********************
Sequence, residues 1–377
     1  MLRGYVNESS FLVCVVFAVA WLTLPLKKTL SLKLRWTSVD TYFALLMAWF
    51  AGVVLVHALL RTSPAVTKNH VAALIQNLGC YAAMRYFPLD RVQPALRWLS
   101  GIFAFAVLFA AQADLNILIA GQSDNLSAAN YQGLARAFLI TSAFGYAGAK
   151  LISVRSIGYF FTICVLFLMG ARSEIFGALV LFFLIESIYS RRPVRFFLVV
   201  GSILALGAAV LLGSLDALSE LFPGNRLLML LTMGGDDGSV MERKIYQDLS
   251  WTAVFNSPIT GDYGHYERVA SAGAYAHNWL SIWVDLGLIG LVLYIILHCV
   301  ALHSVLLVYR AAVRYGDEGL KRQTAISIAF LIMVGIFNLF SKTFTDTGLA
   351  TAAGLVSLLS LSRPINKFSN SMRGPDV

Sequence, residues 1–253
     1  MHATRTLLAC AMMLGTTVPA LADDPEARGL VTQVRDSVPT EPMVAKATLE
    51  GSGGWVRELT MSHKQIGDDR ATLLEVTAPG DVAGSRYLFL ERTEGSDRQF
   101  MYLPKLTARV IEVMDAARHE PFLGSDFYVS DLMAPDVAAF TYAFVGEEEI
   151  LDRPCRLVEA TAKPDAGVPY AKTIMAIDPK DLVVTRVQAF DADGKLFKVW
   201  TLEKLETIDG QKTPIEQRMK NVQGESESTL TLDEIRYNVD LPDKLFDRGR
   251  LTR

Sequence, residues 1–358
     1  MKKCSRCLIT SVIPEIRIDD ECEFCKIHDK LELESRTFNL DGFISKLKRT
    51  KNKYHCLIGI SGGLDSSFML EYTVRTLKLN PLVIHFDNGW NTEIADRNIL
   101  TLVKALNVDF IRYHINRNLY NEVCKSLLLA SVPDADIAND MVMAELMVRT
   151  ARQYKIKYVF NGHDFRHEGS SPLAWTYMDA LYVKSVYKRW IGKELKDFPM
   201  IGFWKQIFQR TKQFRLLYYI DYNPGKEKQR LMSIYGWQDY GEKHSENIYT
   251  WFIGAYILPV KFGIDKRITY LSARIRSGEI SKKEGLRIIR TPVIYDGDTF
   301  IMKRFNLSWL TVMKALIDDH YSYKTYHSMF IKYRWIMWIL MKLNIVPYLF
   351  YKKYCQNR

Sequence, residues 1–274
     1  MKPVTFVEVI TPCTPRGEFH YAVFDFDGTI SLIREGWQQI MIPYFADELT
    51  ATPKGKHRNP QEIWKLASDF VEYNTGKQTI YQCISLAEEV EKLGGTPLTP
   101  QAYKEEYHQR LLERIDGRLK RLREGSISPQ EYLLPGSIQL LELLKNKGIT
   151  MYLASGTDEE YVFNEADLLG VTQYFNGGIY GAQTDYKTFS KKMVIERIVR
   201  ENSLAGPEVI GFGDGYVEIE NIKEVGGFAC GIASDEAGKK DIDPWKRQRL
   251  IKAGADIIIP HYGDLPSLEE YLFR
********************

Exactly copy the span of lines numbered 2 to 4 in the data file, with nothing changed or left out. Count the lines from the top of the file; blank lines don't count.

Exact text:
     1  MLRGYVNESS FLVCVVFAVA WLTLPLKKTL SLKLRWTSVD TYFALLMAWF
    51  AGVVLVHALL RTSPAVTKNH VAALIQNLGC YAAMRYFPLD RVQPALRWLS
   101  GIFAFAVLFA AQADLNILIA GQSDNLSAAN YQGLARAFLI TSAFGYAGAK